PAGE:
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Auckland Council

Freshwater report card, East Coast Bays reporting area 2016

Area grade: C

What makes up this grade?

The overall grade is made up of five indicators:

Water quality: Water samples are tested for temperature, oxygen concentration, turbidity and the levels of pH, ammonia and nutrients (nitrogen and phosphorus). The results of this testing are compared against guidelines for Auckland to produce a water quality index.

Flow patterns: This involves monitoring the hydrologic connectivity of the river to upstream and downstream reaches and the floodplain using the Stream Ecological Valuation (SEV), which is a method of assessing the ecological health of our rivers.

Nutrient cycling: This involves monitoring the inputs and processing of minerals, particulates and contaminants using the SEV biogeochemical functions.

Habitat quality: This involves monitoring the diversity and quality of habitats using the
SEV habitat provision functions.

Biodiversity: Field assessments and samples are collected to assess the type and amount of native plants and animals using the SEV biodiversity functions.

Quick facts

  • The reporting Area covers 29KM2 representing 0.6% of the region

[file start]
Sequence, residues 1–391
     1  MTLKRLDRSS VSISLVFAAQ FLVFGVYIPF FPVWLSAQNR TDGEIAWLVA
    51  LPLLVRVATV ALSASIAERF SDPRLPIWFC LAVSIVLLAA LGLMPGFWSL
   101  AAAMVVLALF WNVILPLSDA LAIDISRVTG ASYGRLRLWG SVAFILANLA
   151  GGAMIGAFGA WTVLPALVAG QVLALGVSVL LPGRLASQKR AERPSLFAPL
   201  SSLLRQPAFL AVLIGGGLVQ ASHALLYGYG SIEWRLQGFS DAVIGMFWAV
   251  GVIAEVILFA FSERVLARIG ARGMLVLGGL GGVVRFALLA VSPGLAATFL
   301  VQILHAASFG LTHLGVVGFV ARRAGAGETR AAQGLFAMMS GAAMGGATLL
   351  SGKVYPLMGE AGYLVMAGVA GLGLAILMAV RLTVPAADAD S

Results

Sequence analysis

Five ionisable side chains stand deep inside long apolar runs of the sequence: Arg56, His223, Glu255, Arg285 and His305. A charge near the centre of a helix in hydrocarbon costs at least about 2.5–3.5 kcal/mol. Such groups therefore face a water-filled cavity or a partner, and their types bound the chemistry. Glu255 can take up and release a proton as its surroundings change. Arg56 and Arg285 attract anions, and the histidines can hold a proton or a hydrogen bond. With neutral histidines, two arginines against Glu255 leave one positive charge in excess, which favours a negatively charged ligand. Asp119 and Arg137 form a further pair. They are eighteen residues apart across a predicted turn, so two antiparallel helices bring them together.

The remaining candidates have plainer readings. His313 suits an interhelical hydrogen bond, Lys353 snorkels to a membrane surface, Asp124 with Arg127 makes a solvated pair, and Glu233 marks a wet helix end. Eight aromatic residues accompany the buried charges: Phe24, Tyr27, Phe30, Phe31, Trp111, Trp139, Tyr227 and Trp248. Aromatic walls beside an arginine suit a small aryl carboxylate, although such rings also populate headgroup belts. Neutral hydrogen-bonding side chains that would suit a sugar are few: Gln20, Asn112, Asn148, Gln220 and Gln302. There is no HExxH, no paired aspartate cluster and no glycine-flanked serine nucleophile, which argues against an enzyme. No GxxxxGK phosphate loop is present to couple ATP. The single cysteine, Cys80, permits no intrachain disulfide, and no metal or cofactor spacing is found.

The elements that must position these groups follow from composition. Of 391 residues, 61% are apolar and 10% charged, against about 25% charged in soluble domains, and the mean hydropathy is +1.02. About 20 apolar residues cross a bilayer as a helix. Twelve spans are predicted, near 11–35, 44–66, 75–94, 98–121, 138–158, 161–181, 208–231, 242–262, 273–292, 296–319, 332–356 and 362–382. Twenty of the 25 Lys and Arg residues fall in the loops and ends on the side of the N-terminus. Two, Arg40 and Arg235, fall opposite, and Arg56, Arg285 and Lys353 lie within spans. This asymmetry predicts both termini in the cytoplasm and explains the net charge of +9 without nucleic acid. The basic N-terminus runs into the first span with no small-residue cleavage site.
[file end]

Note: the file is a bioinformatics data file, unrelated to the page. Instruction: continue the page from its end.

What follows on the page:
• The land cover is mainly urban (50%) with substantial pockets of native (19%) and pastoral (28%) vegetation
  • The extent of impervious surface (hard surfaces) is high (29%) when compared with the regional average of 9%

Monitoring background and interpretation

Auckland Council’s State of the Environment (SoE) monitoring programme has been building a record of Auckland’s environment for more than 25 years. This information is critical to the effective management of Auckland’s natural environment, after all, you can’t manage what you don’t monitor.

The monitoring programme shows there is a strong relationship between the health of rivers and the type of land cover in the surrounding catchment. Rivers that drain through forested catchments (particularly native forests) typically have excellent water quality and ecology, while rivers that drain from urban catchments typically have poor water quality and ecology.

The health of the East Coast Bay’s rivers is impaired, but the relatively low intensity of urban development, together with large areas of forested land, means the effects of urban development in this area are not as strong as elsewhere in the region.

Rivers in the East Coast Bays reporting area tend to have riparian margins with some trees and bush, which provide shade, leaf litter and woody debris to the stream and anchor the stream banks. The debris enhances the quality of habitat for flora and fauna, although some of the original riparian vegetation has been removed to allow more intensive land use.

Wai Care Hibiscus and Bays

Wai Care is a water quality education, monitoring and action programme managed by Auckland Council, for schools and community groups in the Auckland region.

The following table shows achievements of the Wai Care Programme in Hibiscus and Bays during the 2015/2016 financial year.

​Achievement​Total Hibiscus and Bays 2015/16​Total Auckland 2015/16
​Active groups9​152
​Sites monitored​34​256
​Education sessions​16​373
​Students involved in education​888​11118
​Action events​2​106

​People involved in action

​32​4217
​Native trees planted​-​28577

For more information on Wai Care, or to view site data for your area, go to waicare.org.nz
or call 09 301 0101 and ask for Wai Care.